Beware! The Claws of… The Cat! (1972)
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Face Front, True Believers! This week #Frank’sAgenda is in full flower as we revisit Marvel Comics’ 1972 stab at drafting a feminist super-heroine, The Cat! First Illegal Machine & Frank dissect the debut issue, then Mr. Fixit & Frank dive into #2 (32:00,) with the Diabolical One ranting a bit about #3-4. Stan Lee and Marie Severin get the creation credit, while Linda Fite writes (with editor Roy Thomas,) and there’s fill-ins galore throughout the brief experiment. We finally reopen the mighty Marvel mail bag (44:58,) with Fixit & the Ill Mac taking the fore ‘fer once! Frank probably would have preferred if things had turned out more P.C., but the show is entertaining, which is the paramount concern. Note: We like our language NSFW salty, and there be spoilers! We have an extensive episode art tumblr here. Even in an extra-length episode, we can’t fit everything, but we do have replies to your comments again and this handy text addendum…
- The Cat #1 was reprinted in one of the earliest Marvel Comics trade paperbacks, 1977’s The Superhero Women, as part of the Simon and Schuster Fireside series of comic book collections for the bookstore market. She was joined by reprints of stories prominently featuring Medusa, Red Sonja, Invisible Girl, Ms. Marvel, Hela, The Wasp, Shanna the She-Devil, Black Widow, and Princess Lyra of the Femizons (don’t ask.)
- #1 Amazing Origin Issue!
- The Cat #1 was also featured in the initial volume of Marvel Firsts: The 1970s, while The Cat #2 & 3 can be found in the Women of Marvel: Celebrating Seven Decades omnibus
- Zabo actually survived his first confrontation with the Cat, and turned up in a 1983 issue of Marvel Team-Up seeking revenge for the death of his brother… Malcolm Donalbain!
- #2 “The Owl and the Pussycat!”
- Marie Severin left the series following #2 after being promoted to head Marvel’s coloring department.
- Greer Grant Nelson was named after Paty Greer, a former assistant to the series’ initial artist and co-creator, Marie Severin. Greer drew the third issue of The Cat, then went on to draw the alien races in The Official Handbook of the Marvel Universe, as well as working as a colorist and an overseer of production art. Today she’s better known as Paty Cockrum, wife of the late great Dave Cockrum.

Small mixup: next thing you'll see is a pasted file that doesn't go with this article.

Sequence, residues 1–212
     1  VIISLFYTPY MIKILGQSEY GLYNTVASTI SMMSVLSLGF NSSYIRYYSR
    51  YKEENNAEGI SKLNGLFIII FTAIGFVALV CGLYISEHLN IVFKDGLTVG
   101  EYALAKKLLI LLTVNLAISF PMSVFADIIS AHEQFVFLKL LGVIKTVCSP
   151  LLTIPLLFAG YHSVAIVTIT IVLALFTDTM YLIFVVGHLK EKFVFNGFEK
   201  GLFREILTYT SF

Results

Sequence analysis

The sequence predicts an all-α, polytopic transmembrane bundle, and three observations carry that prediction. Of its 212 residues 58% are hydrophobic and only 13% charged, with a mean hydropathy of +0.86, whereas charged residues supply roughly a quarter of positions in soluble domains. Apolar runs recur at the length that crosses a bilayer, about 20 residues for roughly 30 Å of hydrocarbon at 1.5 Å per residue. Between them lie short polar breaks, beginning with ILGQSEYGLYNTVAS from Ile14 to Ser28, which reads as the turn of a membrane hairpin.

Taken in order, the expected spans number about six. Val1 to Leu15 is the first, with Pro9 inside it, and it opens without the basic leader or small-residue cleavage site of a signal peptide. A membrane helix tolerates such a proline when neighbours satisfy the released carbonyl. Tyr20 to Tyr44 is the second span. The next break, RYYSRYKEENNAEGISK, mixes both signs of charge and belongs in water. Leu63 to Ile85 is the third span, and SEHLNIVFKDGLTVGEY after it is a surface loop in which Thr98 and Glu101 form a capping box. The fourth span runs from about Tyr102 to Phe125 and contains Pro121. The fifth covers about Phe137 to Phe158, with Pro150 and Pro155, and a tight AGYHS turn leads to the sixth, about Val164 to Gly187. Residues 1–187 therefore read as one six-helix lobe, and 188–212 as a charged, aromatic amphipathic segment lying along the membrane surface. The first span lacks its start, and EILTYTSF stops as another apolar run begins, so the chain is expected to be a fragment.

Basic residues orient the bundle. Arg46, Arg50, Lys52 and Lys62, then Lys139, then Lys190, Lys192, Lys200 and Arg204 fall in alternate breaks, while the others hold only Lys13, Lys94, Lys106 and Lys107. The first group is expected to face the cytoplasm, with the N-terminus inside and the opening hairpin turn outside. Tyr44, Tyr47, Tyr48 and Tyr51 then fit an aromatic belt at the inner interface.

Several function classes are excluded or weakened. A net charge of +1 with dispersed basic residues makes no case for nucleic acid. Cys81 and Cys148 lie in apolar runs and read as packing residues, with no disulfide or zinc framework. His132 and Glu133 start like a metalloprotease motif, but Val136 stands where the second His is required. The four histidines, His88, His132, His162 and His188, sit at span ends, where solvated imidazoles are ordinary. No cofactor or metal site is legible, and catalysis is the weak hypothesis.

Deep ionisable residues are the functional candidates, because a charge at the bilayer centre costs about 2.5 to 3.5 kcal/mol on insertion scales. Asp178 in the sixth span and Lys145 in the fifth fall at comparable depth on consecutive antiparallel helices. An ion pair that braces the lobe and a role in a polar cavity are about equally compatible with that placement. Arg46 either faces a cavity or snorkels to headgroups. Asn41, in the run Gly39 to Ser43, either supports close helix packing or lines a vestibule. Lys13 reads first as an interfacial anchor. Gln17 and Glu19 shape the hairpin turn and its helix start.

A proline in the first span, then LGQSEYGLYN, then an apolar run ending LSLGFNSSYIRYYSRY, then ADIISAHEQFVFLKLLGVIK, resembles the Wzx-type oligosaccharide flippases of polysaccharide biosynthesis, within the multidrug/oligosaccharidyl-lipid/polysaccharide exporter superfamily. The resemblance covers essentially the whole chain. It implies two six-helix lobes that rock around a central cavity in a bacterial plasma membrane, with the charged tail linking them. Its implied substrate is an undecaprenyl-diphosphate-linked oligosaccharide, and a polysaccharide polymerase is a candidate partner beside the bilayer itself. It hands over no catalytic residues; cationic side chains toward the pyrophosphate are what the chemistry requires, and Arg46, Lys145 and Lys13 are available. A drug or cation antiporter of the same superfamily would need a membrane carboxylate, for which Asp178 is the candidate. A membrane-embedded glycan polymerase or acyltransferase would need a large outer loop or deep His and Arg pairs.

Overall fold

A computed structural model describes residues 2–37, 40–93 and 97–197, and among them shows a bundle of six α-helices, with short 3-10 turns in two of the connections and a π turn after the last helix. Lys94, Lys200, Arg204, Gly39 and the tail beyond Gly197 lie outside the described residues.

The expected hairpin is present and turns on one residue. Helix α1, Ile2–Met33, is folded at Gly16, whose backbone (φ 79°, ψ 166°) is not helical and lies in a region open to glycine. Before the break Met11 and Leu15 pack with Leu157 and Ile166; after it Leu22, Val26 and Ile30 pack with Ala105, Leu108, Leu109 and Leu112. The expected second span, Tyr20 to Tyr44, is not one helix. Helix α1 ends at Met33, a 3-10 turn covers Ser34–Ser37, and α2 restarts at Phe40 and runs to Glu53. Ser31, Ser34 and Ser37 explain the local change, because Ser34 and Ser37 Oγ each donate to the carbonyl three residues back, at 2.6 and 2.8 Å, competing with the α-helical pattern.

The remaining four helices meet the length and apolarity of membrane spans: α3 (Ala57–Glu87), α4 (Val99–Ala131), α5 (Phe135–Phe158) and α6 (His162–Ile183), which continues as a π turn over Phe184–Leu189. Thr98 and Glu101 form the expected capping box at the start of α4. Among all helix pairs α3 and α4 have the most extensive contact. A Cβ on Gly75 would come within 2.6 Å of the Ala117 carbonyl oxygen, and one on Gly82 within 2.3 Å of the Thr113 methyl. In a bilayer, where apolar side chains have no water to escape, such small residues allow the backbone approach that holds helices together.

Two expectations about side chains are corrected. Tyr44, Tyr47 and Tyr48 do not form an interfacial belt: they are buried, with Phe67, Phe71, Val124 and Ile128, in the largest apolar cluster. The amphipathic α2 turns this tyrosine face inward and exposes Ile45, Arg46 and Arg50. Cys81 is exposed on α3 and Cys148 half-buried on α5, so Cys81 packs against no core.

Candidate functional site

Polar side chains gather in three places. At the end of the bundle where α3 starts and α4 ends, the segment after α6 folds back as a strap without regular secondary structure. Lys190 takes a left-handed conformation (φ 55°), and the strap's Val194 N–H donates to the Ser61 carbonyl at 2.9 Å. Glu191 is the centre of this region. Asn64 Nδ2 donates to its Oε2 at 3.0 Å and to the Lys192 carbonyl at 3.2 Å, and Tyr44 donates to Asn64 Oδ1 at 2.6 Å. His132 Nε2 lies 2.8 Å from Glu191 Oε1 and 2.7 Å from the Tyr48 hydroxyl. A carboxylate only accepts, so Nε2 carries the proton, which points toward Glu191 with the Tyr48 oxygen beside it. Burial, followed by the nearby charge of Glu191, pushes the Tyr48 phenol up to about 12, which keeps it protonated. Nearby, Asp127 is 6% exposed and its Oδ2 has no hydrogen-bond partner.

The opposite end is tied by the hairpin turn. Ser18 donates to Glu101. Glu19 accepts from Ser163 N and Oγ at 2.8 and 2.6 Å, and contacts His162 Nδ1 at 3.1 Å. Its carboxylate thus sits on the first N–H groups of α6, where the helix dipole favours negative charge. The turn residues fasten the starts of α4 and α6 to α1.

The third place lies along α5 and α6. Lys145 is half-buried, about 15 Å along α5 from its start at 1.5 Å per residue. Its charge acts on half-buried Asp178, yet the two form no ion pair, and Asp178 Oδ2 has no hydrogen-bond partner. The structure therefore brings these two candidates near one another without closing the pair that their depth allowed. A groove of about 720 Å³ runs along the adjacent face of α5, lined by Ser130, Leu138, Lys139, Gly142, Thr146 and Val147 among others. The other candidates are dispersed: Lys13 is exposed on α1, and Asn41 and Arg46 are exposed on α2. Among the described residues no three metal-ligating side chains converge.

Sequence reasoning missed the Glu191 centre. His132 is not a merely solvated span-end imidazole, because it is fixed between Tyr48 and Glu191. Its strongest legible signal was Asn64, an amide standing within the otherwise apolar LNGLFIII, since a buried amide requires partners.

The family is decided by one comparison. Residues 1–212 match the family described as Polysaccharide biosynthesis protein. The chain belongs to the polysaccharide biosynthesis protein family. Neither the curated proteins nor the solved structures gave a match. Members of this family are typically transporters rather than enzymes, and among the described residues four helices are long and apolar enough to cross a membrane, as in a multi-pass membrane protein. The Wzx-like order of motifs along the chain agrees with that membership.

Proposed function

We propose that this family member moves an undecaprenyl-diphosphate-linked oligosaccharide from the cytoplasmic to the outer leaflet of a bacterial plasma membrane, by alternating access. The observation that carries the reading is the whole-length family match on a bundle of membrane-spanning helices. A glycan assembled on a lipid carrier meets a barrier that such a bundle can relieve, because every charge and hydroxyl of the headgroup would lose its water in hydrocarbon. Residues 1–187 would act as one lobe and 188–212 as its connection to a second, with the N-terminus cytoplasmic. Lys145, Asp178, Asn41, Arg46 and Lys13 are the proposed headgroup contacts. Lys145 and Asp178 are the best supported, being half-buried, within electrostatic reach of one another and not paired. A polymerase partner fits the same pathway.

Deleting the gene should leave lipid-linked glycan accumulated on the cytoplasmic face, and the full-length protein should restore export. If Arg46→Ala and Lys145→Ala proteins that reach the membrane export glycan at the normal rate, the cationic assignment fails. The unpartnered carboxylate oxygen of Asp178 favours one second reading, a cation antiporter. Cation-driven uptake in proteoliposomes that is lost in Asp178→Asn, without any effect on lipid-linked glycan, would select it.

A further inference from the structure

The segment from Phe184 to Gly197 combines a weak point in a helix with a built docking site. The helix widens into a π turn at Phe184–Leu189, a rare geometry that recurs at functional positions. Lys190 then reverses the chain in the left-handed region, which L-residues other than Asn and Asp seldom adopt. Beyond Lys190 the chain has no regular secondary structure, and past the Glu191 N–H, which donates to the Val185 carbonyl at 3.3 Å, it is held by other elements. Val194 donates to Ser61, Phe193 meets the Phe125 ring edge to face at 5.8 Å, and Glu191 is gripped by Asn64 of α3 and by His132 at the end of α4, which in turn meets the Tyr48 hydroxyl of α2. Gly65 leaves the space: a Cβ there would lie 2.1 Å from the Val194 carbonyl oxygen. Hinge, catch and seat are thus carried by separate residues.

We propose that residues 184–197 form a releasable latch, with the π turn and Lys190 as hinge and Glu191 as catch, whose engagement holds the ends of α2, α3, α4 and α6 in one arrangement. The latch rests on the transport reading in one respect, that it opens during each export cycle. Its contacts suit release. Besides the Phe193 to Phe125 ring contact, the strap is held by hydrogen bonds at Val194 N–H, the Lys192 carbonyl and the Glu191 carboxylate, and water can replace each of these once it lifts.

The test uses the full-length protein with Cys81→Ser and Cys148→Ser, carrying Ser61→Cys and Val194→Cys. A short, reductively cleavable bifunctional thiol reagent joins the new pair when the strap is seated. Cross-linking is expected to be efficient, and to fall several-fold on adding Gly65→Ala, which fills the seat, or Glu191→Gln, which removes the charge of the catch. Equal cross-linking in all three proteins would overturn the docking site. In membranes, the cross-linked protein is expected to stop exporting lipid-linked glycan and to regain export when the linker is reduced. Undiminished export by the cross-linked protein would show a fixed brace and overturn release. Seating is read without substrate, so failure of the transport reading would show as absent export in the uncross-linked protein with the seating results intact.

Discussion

- Breezy synopsis of #3.
- According to a synopsis of #3 found online, Dr. Tumolo was slowly recovering from her minor brain damage.
- Frank Miller had a fan letter in The Cat #3 where he praised the proactive heroine.
- Gerry Conway, creator of DC’s The Vixen, also wrote Marvel Team-Up #8, the issue referenced in the podcast featuring Man-Killer. It was released with an April 1973 cover date, the same month as The Cat #3.
- #4 “Stampede!”
- One year and one month after the release of The Cat #4 (with the scrapped #5 still in a file drawer,) Greer Nelson would return in a radically altered form in Giant-Size Creatures #1. Despite the change, The Cat appeared in September 1975’s Spidey Super Stories, with The Owl as featured villain. This was under a John Romita cover was a story by the Night Nurse creative team of Jean Thomas & Win Mortimer. Linda Fite had co-written the final issue of Night Nurse (#4) with Thomas. The Cat returned for a story in #13 (with The Falcon & Kraven the Hunter) while Tigra turned up in #21 (again, against Kraven, but this time written by Pat Thackray.)
- Linda Fite left The Cat and Marvel (again) following the birth of her first child with Herb Trimpe. They eventually had three children together before divorcing. Fite went on to work for New York’s Times Herald-Record.
- The Cat made her cover-featured British debut in the 4 October 1975 issue of The Super-Heroes (#31.) She and Ant-Man were joining the original X-Men in the weekly anthology title, where she presumably resided until #38, exhausting the U.S. content. She was also on #32’s cover (on both her costume was colored dark green,) and continued to have her head featured in the corner box thereafter.
- Of the 1972 female friendly launches, Stan Lee was said to have had the greatest optimism toward The Cat, her origin story, and her creative team. However, Lee noted in editorial content for The Superhero Women that the title “struck out” after that team fell apart.
— Captain America Fans (@captamericafans) July 17, 2014
— Cj (@gncj15) September 3, 2014
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